Responsible disclosure timeline

I’ve contacted Revived Wire Media three times:

  1. July 19, 2015: Contact via a form on their web site.
  2. July 22, 2015: Contact via e-mail.
  3. July 24, 2015: Contact via e-mail.

They didn’t respond back to me. Not even when I informed them that I would go full disclosure. Oh well, not the first vendor that ignores security researchers on multiple occasions.

I think I’ll get their attention now in a very short time 😉

Update July 28, 2015: Yep, got their attention now: they removed the software from their web site around 30 hours after publication of this article. They still haven’t informed their customers yet.

Wrapping up

Hopefully Revived Wire Media will take their responsibility and take immediately action. At a minimum they should fix all critical and high security vulnerabilities and inform their customers about the fact that their file managers can easily be hacked.

Companies that use PHP File Manager should take it offline as soon as possible. It’s not a safe product!

News sites linking to this story

  1. SecurityWeek.com
  2. Threatpost.com
  3. ShieldJournal.com
  4. Golem.de
  5. Heise.de
  6. SecurityLab.ru
  7. BoanNews.com
  8. CERT-hungary.hu
  9. Allofus.de
  10. Bambawale.com
  11. SCmagazine.com
  12. Hakspek.com
  13. SecurityAffairs.co
  14. ProDefense.org
  15. ClickSSL.net
  16. Akati.com

About Sijmen Ruwhof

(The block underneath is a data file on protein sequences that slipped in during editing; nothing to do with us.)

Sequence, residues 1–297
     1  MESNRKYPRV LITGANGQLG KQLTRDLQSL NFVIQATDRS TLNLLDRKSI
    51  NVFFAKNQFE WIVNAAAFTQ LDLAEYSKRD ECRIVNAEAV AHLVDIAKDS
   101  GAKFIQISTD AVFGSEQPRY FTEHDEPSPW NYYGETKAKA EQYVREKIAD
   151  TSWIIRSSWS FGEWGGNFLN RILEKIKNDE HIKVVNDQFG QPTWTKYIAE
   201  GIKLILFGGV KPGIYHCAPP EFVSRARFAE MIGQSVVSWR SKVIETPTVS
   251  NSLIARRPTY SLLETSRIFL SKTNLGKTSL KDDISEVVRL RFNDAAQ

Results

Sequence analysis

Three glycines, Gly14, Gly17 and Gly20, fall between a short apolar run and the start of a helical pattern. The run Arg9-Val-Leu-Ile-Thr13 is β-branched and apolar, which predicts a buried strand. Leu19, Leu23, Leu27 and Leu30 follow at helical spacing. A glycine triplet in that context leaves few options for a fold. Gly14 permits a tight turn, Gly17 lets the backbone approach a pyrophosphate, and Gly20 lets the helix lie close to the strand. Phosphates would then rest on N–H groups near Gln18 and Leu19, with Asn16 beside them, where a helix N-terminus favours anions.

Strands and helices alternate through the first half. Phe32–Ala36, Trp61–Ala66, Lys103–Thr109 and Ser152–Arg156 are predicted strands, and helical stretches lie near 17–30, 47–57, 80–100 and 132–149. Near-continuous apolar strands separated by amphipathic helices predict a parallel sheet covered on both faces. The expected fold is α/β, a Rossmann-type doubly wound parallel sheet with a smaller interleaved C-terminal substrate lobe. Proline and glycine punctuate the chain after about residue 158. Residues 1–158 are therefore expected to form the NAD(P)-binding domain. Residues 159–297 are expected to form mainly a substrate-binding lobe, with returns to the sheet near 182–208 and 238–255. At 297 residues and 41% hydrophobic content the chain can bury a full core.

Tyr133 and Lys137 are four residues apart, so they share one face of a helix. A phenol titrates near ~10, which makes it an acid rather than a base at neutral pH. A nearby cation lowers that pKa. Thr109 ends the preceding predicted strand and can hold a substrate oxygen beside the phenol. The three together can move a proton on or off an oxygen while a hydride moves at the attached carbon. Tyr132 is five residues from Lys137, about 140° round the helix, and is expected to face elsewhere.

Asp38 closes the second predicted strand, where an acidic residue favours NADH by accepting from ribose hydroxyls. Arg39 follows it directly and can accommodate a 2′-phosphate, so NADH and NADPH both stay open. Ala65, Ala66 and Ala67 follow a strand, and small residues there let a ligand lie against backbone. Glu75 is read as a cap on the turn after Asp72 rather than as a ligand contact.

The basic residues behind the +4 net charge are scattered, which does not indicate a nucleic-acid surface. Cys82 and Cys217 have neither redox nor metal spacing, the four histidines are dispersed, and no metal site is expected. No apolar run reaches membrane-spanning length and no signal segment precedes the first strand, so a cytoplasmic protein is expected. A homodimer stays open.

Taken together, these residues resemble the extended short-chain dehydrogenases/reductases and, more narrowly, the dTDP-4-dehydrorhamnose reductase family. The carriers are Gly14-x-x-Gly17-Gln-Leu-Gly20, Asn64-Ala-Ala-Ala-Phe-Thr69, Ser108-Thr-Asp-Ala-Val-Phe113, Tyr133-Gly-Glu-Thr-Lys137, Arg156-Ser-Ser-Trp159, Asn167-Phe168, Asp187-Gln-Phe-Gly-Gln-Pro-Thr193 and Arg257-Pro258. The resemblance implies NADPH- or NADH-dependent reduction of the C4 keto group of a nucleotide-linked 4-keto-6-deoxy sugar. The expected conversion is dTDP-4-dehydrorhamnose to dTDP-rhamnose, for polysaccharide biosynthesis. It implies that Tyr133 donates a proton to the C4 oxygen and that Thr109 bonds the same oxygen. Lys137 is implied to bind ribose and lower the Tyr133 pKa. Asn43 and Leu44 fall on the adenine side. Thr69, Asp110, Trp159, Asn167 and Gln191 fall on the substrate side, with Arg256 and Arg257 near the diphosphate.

Independent IT Security Researcher / Ethical Hacker
This entry was posted in php security, responsible disclosure, security assessment. Bookmark the permalink.

36 Responses to Full disclosure: multiple critical security vulnerabilities (including a backdoor!) in PHP File Manager

  1. Dit is waarom mensen PHP nog steeds niet serieus nemen. Wat slecht!

  2. Felix says:

    Please don’t advertise SHA-512 for password hashing. See https://secure.php.net/manual/en/faq.passwords.php#faq.passwords.fasthash

  3. Ed Schouten says:

    Hi Sijmen,

    Though I agree with everything you mentioned in your article, don’t you think that doing a full disclosure only eight days after initially contacting the vendor is a bit short? It could well be a small company whose single employee happens to be on a two-week summer holiday.

    That said, considering that they even ignored similar reports in 2012, it might not matter.

    • Eight days is a bit short indeed and normally I would wait much longer. However, the vendor didn’t respond to a security researcher in 2012, and also not even when that researcher went full disclosure.

      It’s probably a small company and the owner could be on holiday, but if that would be the case, they should have configured an out of office message on their e-mail account.

  4. Jim says:

    Can you provide some of the google dorking strings so we can confirm if this exists in our environments? This looks like a product that a developer may have been tempted to use, even if not approved at a corporate level.

    • Because of the sensitivity of the matter, I’m not going to publish google dorks. Before we know, everybody is hacking those vulnerable file managers. Would give some companies a very bad day.

      If you e-mail me then I’ll lookup if your company is known to have it installed.

  5. user name ****__DO_NOT_REMOVE_THIS_ENTRY__****” is priceless 🙂

  6. I see a backdoor and I want to paint it black…

  7. jonnie says:

    Thx for this. Now these bastards just removed
    the Software. 404 error. Hide & seek…

  8. August says:

    Just out of curiosity: Have you tried to contacted the companies/institutions using the software? Or at least the ones where personal/medical information of individuals is involved?